Bringing Your Houseplants Back Inside? Read This First!
By Chris Williams on October 4, 2017.
It’s that time of year when cool nights get us thinking that it’s time to bring in the houseplants that have enjoyed a summer outside. If you don’t carefully check the plants before moving them inside, you could be bringing in pests as well.
Houseplant Hitchhikers Fall into Three Groups
(1) Plant-sucking pests – These tiny insects and mites live on the plant and suck juices from leaves and stems, often leaving a sticky residue behind. This group includes aphids, spider mites, whiteflies, scales, and mealybugs. Scales and mealybugs are not really mobile and remain in place on the plant, hidden under leaves or in stem crotches. Whiteflies, aphids, and spider mites are usually found beneath leaves, too, but they can move about on the plant and may even leave the plant if indoor conditions don’t suit.
(2) Soil-dwelling pests – Most of the pests in this group are simply using the moist soil in your plant’s pot as a comfy home. Earthworms, slugs, sowbugs, millipedes, earwigs, and ants might live in or under the pot and may feed on organic material in the soil but don’t really do any damage to the plant. Fungus gnat larvae can also live in the perpetually wet soil of overwatered houseplants (see Fungus Gnats Are Common Where There Are Potted Plants). These fly larvae can feed on and damage the roots of houseplants. The tiny adult flies that develop can become a nuisance pest in your home.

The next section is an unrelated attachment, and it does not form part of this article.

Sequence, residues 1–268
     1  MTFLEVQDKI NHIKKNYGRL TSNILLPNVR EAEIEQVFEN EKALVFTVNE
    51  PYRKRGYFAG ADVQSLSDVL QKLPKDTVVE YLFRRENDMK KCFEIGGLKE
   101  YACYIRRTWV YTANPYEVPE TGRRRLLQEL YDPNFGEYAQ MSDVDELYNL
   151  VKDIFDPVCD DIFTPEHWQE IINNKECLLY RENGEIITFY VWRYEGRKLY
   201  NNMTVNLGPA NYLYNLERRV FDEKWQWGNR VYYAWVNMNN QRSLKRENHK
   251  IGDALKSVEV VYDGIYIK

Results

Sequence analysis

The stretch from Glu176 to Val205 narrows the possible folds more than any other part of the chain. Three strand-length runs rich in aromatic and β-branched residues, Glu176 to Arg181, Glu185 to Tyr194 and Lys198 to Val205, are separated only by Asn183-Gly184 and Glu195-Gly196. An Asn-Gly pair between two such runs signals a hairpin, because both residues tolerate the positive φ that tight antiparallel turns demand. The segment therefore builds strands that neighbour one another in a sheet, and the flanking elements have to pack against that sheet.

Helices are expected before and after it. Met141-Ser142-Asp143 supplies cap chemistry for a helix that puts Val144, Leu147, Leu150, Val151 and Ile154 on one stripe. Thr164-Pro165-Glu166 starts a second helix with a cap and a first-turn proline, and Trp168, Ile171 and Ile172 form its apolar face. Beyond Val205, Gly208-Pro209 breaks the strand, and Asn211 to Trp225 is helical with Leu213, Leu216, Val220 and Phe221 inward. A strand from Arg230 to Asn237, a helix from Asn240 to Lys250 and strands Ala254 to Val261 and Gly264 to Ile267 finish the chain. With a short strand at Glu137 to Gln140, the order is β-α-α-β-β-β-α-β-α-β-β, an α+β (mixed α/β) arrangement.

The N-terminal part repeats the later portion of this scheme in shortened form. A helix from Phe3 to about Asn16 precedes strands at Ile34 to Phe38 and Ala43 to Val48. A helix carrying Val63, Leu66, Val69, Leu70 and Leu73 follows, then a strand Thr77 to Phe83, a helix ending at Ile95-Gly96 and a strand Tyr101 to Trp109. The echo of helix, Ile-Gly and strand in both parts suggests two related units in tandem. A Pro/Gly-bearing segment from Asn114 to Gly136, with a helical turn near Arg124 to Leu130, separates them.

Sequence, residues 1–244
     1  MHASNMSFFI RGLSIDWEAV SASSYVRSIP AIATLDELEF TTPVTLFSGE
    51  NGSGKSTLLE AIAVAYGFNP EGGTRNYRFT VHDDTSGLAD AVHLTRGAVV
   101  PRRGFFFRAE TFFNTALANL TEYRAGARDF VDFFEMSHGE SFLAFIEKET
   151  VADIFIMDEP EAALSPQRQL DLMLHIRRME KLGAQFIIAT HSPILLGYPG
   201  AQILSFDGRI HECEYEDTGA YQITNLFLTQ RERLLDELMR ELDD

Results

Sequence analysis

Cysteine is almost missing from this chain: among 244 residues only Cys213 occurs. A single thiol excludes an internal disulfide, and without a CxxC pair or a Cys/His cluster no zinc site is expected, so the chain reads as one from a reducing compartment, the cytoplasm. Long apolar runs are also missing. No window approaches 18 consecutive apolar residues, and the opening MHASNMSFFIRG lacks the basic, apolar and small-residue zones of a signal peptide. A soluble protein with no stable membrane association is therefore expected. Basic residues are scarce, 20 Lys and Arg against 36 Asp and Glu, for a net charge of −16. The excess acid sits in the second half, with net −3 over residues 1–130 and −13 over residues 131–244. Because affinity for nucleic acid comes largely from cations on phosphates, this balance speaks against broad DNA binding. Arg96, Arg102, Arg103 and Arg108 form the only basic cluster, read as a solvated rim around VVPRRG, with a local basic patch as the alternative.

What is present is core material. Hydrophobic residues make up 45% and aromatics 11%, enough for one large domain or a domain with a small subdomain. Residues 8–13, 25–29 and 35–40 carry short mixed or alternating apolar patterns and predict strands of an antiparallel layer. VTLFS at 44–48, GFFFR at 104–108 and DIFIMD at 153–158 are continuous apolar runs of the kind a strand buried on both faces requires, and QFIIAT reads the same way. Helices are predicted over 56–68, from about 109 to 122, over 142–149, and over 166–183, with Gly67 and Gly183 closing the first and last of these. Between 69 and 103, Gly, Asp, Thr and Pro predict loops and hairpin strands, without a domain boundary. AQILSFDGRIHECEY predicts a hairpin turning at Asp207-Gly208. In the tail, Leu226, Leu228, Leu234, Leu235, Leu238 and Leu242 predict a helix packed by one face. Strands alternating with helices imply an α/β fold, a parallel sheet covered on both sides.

(3) Accidental pests – Some larger leaf-feeding insects such as grasshoppers and caterpillars feed on various outdoor plants and could accidentally be carried inside. Spiders and crickets and miscellaneous other creatures may be hiding on the plants. These accidental pests will soon leave the plant and die once indoors, they don’t reproduce and develop on the plant as do the true plant pests in item (1) above.
An Ounce of Prevention…
• Before moving houseplants back inside, remove the saucers and give them a good shower with the hose to dislodge any casual visitors. Water the pots thoroughly or soak the pot for 10 minutes to flush out ants and some other soil-dwelling pests. Some infested plants may need to be repotted in fresh, sterile potting soil to eliminate soil pests and their eggs.
• Unfortunately, warmer, drier indoor air seems to encourage some plant-sucking pests such as spider mites (see Spider Mites Can Infest Your Houseplants) making them especially difficult to control. An application of insecticidal soap to the foliage may knock back the infestation but if the plant is heavily infested and you don’t particularly value it, consider discarding it.
• Once inside, give your transported houseplants a bit of separation, especially from any plants that didn’t summer outside. When leaves from different plants are touching, pests can move from infested plants onto uninfested plants. It’s a good idea to quarantine returning pots for a while if you suspect hitchhiking pests. See Pests on Your House Plants for tips on how to tell if your plants are infested.
• Don’t overwater your houseplants. That encourages fungus gnats especially. Letting the soil dry out completely between waterings is the best way to eliminate fungus gnats.